Bye Bye Birdie (1963)
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as Albert Peterson
as Rosie DeLeon
as Kim McAfee
as Mrs. Peterson
as Hugo Peabody
as Conrad Birdie
as Ed Sullivan
as Mr. McAfee
as Mrs. McAfee
as Claude Paisley
as Bob Precht
as Mr. Maude
as Ballet Manager
as Mr. Nebbitt
as Mayor's Wife
as Ursula's Mother
Critic Reviews for Bye Bye Birdie
[Bye Bye Birdie] had an apple-cheekiness about it on the stage that seems slightly worm-eaten on film, and the result is more goof than spoof.
For all its annoyances -- and there are many -- the film somehow sears its way into the mind's eye.
Credit George Sidney with directing one of the better fun and frolic tune packages.
This enjoyable timepiece is notable today for its peppy score, energetic dancing, and for having made a star of the extremely nubile Ann-Margret, 22 passing for 16. Her fresh, wholesome eroticism fairly bursts off the screen.
Unfortunately, Mr. Sidney and his scriptwriter, Irving Brecher, have allowed the essence of this spirited musical comedy of Michael Stewart to get away from them.
George Sidney's tacky 1963 musical fantasy-satire about the Elvis craze, based on the Broadway show of the same title, isn't exactly good, but if you like what he does with Ann-Margret, Janet Leigh, and pink decor, it's sort of magnificent.
Audience Reviews for Bye Bye Birdie
Elvis Presley came along like a tsunami of social change, the strings on the puppets of popular entertainment not simply apparent but worn and frayed as well. Presley was THE proverbial breath of fresh air. And the powers that be were more than nervous, they were rattled down to the roots of hair on their chinny chin chins. The move to send The Pelvis to the army was as calculated as move to defang a monster as ever there was. What remains anymore, beyond the echoes of classic rock internet channels, is this nigh forgotten bit of Americana. Ann Margret steals the show as the girl chosen to lay a kiss on the bull icon immediately before they remove his particulars. Fittingly, music numbers are the highlight here, but nothing dangerous enough to suggest revolution.
So out-of-date it's hard to relate to anymore, but the ridiculous excess still provides many opportunities for laughter. Much of the music is unremarkable; nevertheless there are a few classic gems. For fans of Paul Lynde, he really steals the show. It's just a fun (but dated) family-friendly vege-out film.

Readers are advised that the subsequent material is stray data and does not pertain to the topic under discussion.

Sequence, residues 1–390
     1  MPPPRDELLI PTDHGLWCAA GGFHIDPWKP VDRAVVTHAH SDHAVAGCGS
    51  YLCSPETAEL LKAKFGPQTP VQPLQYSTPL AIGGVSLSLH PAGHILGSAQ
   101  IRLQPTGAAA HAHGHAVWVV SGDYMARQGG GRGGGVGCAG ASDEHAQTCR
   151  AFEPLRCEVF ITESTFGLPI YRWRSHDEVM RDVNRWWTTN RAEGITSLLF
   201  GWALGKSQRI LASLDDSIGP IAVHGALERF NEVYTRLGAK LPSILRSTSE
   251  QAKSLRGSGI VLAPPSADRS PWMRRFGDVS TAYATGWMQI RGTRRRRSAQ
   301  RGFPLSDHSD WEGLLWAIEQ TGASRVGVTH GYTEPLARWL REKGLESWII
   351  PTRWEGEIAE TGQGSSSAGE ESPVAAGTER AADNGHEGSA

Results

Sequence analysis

Bye Bye Birdie is a tuneful, engaging, perky, mixed bag of charm and cheesy retro fun. It is not a classic movie musical, its humor is corny, the filming is pedestrian, the cutting edge animation and green screen effects look horribly dated and the story is a paint by numbers dull plot with very low stakes. The 100% rating on RT is way high for my money, but this is still a pleasant wallow in nostalgia and innocence Birdie captures a moment in pop culture that I lived through, when the Ed Sullivan show was the most watched entertainment event of the week, watched by the whole family every Sunday night. I mourn that there are not cultural experiences shared by multiple generations. Now everyone goes off to watch their own stuff on cable and computer and there are no shared experiences in pop culture -except maybe American Idol type competitions. This was also a time when Elvis Presley's hips were threat to America's purity. That really does seem like the stone age. Bye Bye Birdie's assets: 1. A mostly sparkling cast, with the luminous and sexy Anne-Margaret and high octane charm of Dick Van Dyke doing what he does best. As Dad, a brilliantly cast supporting player Paul Lynde reprising his Broadway role, which he totally owns. He knocks each comedy line out of the park. 2. Wall to wall tuneful, witty songs,by Strouse and Adams that are the really the point of this enterprise. These include 'Put on a Happy Face', and 'Kids', songs that are still remembered. Still, the composers don't get rock and roll, and when they try to write Elvis style tunes they utterly miss the mark, but it doesn't matter. The resulting cheese is still edible. Try to fast forward through the horrible over the top Jewish mother character and subplot played by normally excellent actress Maureen Stapleton and don't get too caught up in the details, the story is full of holes. That said, this is good fun, and you really can watch it with the whole family, if your kids are open to goofy retro cheese that kind of overstays its welcome in two plus hours.